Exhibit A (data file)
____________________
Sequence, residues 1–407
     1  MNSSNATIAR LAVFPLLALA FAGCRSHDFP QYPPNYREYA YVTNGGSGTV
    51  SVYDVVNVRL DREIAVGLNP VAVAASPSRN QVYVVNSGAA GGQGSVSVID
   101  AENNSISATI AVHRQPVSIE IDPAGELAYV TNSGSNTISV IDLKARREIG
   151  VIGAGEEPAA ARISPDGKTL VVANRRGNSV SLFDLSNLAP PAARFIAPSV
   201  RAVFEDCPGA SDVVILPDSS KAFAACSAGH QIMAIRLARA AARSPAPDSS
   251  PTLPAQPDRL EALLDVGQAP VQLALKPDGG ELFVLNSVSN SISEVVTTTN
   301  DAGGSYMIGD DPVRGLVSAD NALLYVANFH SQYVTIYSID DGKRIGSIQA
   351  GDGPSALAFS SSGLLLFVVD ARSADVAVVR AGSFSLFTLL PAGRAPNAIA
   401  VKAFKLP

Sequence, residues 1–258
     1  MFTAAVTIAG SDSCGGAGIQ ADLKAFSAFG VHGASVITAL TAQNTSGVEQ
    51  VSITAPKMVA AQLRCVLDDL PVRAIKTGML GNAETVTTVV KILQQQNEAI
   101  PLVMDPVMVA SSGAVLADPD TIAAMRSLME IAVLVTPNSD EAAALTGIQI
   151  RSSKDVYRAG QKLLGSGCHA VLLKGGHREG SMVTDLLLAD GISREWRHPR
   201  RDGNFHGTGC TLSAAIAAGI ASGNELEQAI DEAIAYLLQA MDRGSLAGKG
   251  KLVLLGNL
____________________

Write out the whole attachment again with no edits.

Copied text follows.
Sequence, residues 1–407
     1  MNSSNATIAR LAVFPLLALA FAGCRSHDFP QYPPNYREYA YVTNGGSGTV
    51  SVYDVVNVRL DREIAVGLNP VAVAASPSRN QVYVVNSGAA GGQGSVSVID
   101  AENNSISATI AVHRQPVSIE IDPAGELAYV TNSGSNTISV IDLKARREIG
   151  VIGAGEEPAA ARISPDGKTL VVANRRGNSV SLFDLSNLAP PAARFIAPSV
   201  RAVFEDCPGA SDVVILPDSS KAFAACSAGH QIMAIRLARA AARSPAPDSS
   251  PTLPAQPDRL EALLDVGQAP VQLALKPDGG ELFVLNSVSN SISEVVTTTN
   301  DAGGSYMIGD DPVRGLVSAD NALLYVANFH SQYVTIYSID DGKRIGSIQA
   351  GDGPSALAFS SSGLLLFVVD ARSADVAVVR AGSFSLFTLL PAGRAPNAIA
   401  VKAFKLP

Sequence, residues 1–258
     1  MFTAAVTIAG SDSCGGAGIQ ADLKAFSAFG VHGASVITAL TAQNTSGVEQ
    51  VSITAPKMVA AQLRCVLDDL PVRAIKTGML GNAETVTTVV KILQQQNEAI
   101  PLVMDPVMVA SSGAVLADPD TIAAMRSLME IAVLVTPNSD EAAALTGIQI
   151  RSSKDVYRAG QKLLGSGCHA VLLKGGHREG SMVTDLLLAD GISREWRHPR
   201  RDGNFHGTGC TLSAAIAAGI ASGNELEQAI DEAIAYLLQA MDRGSLAGKG
   251  KLVLLGNL